EVGA GTX 1080 FTW review: The most powerful graphics card in the world, made better

This is the GeForce GTX 1080 you’ve been waiting for.

Testing the EVGA GTX 1080 FTW

Just like always, we tested the GeForce GTX 1080 on PCWorld’s dedicated graphics card benchmark system, which is loaded with high-end components to avoid potential bottlenecks in other parts of the machine and show true, unfettered graphics performance. Key highlights of the build:

  • Intel’s Core i7-5960X ($1,016 on Newegg) with a Corsair Hydro Series H100i closed-loop water cooler ($105 on Newegg).
  • An Asus X99 Deluxe motherboard ($380 on Newegg).
  • Corsair’s Vengeance LPX DDR4 memory ($65 on Newegg), Obsidian 750D full tower case ($140 on Newegg), and 1,200-watt AX1200i power supply ($308 on Newegg).
  • A 480GB Intel 730 series SSD ($250 on Newegg)
  • Windows 10 Pro

To see how badass EVGA’s beast really is, we’re comparing it against a slew of high-end graphics cards. There’s the reference $500 GTX 980, $460 MSI Radeon 390X Gaming 8GB, and $500 air-cooled Asus Strix Fury, as well as $650 Radeon Fury X and $1,000 Titan X. The $750 GTX 1080 Founders Edition (both stock and overclocked to up to 2,088MHz) and $550 GTX 1070 Founders Edition are also included, of course. AMD never sent us a $1500 Radeon Pro Duo to test, unfortunately, so you won’t find dual-Fiji GPU results listed. All proprietary AMD/Nvidia graphics technology is disabled during testing, and we use the stated in-game default presets unless noted otherwise.

Overclocking results

Overclocking’s always a roll of the dice thanks to the Silicon Lottery, but the EVGA GTX 1080 FTW was clearly built with overclocking in mind with those two 8-pin power connections, so we decided to include some overclocking results in a few of our tests.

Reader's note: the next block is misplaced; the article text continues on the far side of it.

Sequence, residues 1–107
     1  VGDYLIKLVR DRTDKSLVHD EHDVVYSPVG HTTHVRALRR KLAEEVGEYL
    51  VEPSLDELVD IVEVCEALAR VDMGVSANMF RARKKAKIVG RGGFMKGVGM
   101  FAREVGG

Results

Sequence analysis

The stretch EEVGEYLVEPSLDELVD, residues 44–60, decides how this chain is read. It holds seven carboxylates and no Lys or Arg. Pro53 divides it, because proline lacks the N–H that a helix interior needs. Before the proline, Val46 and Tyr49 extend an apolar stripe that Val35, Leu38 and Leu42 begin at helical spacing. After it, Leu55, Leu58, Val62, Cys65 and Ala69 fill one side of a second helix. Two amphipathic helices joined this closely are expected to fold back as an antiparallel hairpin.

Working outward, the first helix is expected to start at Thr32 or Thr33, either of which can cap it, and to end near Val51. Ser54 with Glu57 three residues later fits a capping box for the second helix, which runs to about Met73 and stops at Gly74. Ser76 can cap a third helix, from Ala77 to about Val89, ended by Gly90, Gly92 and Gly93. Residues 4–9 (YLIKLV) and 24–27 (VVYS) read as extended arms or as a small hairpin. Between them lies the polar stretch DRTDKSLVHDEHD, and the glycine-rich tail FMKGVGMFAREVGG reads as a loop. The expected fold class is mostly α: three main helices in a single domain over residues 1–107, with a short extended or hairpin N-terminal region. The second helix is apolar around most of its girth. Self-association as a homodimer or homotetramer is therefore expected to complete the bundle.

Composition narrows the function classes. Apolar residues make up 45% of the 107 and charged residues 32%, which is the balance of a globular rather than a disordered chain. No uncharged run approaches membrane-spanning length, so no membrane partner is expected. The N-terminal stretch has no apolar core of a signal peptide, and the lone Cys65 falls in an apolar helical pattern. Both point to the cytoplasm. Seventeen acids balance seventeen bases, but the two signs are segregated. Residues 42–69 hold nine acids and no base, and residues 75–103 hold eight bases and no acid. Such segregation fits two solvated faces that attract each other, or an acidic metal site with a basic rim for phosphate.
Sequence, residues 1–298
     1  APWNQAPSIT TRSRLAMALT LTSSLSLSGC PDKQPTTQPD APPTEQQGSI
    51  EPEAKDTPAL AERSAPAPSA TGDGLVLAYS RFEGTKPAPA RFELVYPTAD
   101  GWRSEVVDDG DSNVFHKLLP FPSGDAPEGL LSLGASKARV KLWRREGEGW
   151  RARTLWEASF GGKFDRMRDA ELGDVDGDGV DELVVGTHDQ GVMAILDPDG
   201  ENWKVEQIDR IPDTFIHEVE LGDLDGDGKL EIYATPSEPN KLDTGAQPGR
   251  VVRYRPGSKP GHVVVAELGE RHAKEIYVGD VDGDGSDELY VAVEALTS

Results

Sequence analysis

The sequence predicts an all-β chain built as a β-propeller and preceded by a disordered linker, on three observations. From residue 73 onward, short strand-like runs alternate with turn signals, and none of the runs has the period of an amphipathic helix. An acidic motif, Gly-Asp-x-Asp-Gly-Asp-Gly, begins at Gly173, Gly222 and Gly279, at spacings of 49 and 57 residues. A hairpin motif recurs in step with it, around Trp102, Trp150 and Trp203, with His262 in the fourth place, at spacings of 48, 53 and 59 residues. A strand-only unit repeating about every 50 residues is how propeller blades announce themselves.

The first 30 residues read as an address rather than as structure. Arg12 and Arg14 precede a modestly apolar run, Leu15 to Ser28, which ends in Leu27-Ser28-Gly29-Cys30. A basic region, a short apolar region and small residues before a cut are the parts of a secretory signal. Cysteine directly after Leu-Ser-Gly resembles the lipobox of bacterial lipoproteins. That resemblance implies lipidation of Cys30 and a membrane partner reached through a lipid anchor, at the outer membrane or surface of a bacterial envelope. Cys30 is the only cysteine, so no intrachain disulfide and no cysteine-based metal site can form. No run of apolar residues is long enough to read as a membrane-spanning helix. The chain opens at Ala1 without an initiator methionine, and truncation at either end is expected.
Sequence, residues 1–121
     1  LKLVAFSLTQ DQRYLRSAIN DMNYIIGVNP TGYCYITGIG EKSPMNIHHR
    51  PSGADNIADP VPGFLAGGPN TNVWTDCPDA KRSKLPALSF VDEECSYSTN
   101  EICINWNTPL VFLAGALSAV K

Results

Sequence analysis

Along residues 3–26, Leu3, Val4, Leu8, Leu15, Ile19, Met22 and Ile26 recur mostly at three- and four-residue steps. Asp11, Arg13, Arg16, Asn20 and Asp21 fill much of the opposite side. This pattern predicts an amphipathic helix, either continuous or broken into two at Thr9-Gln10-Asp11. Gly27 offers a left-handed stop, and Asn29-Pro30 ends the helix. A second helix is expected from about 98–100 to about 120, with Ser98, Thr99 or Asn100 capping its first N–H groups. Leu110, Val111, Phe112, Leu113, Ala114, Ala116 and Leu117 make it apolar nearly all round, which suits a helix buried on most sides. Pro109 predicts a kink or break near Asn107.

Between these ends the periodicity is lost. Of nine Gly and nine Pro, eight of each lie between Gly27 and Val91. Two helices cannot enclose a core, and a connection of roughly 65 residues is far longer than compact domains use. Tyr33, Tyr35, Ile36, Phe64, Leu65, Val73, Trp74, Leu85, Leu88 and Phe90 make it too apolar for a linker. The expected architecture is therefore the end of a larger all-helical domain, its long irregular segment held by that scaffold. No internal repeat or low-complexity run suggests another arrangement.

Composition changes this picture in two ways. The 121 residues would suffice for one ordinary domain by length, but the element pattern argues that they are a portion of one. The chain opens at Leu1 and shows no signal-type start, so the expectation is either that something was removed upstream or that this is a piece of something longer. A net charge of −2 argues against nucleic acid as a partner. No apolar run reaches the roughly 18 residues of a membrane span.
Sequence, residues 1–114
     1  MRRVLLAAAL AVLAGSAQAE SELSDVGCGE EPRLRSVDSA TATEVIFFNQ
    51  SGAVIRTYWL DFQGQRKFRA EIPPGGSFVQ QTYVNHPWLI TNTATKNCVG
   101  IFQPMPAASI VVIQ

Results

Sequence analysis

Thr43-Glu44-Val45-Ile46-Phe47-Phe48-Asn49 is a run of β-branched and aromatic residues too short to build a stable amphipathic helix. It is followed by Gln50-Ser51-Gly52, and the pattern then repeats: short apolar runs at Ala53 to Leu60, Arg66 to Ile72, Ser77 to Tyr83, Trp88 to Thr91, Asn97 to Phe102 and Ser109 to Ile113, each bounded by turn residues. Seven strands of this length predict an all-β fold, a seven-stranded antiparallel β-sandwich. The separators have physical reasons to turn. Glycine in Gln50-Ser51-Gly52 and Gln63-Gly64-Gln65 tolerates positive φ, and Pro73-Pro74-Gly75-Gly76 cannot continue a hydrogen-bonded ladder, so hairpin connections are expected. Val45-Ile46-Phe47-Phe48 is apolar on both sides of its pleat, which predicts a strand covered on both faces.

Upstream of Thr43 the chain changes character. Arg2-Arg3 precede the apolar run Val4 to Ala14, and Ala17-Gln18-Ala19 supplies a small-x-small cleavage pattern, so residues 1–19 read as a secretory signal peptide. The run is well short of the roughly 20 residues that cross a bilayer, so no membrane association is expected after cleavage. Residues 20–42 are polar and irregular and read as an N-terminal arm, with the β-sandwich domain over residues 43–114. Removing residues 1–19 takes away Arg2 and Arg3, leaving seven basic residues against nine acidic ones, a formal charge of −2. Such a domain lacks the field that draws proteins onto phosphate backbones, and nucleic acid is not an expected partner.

dsc00876 Brad Chacos

Ignoring the custom per-voltage overclocking capable with GPU Boost 3.0, we manually inched clock speeds upward in EVGA’s PrecisionXOC software until things started to break. The final result: an additional 110MHz boost over the GTX 1080 FTW’s already boosted core clock speeds, and an additional 175MHz added to its memory clock speeds. In practice, that resulted in a maximum core clock speed of 2,113MHz during gameplay, though speeds typically hung out around 2,050MHz.

Yes, that’s an overclock in excess of 2.1GHz on air. The engineering work that Nvidia put into improving speeds for both the memory and the core clock are impressive indeed. The extra speed gives the overclocked EVGA 1080 FTW a decent (but not mind-blowing) boost over the GTX 1080 Founders Edition.

Next page: Division and Hitman performance

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Brad Chacos

Brad Chacos

PC World (US online)
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